Mortality rates in low-birth-weight infants born after a positive contraction stress test
CITATION: Odendaal, H. J. 1980. Mortality rates in low-birth-weight infants born after a positive contraction stress test. South African Medical Journal, 58:711-716.
The original publication is available at http://www.samj.org.za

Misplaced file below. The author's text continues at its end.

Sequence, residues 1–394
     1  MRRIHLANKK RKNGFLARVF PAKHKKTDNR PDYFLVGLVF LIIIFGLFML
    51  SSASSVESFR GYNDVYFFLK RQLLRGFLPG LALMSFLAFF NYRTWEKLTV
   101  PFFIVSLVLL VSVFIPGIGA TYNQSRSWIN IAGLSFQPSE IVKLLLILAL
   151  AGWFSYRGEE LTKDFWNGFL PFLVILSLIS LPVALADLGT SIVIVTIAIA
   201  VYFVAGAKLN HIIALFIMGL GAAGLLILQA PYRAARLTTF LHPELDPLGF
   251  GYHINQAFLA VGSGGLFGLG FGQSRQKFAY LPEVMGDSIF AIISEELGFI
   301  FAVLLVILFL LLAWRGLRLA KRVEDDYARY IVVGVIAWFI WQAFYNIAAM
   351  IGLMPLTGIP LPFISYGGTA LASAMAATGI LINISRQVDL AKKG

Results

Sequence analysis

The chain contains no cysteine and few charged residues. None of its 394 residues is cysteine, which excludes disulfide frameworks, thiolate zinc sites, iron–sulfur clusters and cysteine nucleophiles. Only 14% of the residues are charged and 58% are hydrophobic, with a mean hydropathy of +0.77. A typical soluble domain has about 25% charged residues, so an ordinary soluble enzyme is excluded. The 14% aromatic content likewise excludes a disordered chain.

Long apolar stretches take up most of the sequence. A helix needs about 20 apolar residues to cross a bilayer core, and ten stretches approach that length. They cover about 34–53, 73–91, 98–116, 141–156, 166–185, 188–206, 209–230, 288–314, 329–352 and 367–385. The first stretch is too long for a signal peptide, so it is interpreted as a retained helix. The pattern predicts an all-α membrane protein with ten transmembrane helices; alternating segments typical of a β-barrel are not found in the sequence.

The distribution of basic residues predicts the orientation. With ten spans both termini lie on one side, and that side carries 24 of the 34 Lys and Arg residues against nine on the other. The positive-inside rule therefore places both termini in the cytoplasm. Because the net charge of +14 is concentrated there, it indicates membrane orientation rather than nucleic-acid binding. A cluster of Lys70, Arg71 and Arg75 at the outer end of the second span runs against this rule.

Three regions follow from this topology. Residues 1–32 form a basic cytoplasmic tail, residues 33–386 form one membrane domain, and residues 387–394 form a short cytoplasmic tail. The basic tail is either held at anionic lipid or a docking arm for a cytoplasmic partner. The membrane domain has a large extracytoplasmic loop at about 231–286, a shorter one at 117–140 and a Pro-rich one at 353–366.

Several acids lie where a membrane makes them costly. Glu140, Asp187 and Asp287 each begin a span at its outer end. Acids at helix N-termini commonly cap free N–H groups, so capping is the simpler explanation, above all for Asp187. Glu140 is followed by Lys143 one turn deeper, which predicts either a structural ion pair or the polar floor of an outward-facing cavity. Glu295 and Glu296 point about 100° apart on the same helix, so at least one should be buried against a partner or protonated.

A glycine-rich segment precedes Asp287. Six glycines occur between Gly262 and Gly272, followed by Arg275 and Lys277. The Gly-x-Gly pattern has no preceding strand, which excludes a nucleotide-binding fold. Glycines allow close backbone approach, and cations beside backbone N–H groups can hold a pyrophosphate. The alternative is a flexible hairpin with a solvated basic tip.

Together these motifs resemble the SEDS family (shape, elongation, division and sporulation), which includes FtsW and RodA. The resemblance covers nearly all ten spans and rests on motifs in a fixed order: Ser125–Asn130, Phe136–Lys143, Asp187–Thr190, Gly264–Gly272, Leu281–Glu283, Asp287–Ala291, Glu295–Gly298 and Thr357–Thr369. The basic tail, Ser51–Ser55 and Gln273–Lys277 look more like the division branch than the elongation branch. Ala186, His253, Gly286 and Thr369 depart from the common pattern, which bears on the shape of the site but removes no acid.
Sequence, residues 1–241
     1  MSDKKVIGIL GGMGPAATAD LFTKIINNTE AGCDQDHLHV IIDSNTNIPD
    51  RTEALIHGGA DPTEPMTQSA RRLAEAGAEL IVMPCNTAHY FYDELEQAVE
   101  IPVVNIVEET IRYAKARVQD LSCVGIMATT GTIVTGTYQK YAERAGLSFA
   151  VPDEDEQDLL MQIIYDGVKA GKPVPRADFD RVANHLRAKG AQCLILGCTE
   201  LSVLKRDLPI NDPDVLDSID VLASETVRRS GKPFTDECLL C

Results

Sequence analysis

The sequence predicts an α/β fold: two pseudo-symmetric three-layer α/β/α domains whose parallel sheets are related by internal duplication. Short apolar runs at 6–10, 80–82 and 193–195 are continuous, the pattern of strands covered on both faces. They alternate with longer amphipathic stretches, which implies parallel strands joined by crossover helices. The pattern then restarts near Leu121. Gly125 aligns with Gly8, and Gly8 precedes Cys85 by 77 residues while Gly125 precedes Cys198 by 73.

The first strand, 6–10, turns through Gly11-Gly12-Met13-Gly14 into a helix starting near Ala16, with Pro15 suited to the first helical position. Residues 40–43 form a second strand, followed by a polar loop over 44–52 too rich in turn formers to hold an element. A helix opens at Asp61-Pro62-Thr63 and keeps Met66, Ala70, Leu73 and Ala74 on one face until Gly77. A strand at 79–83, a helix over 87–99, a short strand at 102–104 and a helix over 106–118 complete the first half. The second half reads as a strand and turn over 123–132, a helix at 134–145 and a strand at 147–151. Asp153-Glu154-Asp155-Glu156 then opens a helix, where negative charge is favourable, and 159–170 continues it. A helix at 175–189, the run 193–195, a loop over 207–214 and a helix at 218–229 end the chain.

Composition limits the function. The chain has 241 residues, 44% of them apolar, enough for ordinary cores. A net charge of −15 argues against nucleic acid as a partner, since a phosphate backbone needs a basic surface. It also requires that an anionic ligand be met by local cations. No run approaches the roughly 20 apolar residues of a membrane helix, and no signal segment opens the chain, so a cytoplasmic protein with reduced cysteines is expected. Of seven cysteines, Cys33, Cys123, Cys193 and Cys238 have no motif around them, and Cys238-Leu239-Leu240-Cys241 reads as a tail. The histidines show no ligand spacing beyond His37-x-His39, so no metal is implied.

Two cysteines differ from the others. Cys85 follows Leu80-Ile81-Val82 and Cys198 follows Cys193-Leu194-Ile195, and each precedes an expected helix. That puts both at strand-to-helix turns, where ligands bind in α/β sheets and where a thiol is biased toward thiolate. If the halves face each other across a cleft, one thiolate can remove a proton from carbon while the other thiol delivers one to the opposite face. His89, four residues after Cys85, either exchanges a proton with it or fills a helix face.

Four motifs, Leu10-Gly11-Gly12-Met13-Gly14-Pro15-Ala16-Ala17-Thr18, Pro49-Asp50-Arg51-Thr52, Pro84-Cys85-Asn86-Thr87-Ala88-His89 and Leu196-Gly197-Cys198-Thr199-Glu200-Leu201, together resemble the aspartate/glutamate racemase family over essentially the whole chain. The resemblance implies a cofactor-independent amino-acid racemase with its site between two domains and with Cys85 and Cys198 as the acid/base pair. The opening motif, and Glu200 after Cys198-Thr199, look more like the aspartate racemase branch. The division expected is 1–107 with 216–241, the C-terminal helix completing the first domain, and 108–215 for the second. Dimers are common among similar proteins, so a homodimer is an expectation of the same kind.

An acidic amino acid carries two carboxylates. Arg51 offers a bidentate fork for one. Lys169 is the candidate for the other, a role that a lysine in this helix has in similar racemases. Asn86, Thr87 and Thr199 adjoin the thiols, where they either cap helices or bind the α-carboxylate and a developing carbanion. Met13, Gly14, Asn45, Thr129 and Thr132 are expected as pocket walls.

Perinatal mortality rates and the indications for contraction stress tests (CSTs) were studied in 46 patients with positive test results and who gave birth to infants weighing between 500 and 1500 g. Severe pre-eclampsia and intra-uterine growth retardation were the indications for the CST in the large majority of patients. The perinatal mortality rate for infants weighing between 500 and 1.000 g was 76.9%, for infants between 1.001 and 1.250 g 38.5%, and only 25% when the infants weighed 1.251-1.500 g. After conservative treatment because of fetal immaturity only 1 of 7 infants was born alive, but after immediate delivery by caesarean section there was a high rate of fatal hyaline membrane disease in infants weighing less than 1.000 g. The real danger of intra-uterine death in the presence of a positive CST result indicates prompt delivery when the fetus has a reasonable chance of survival in the neonatal period.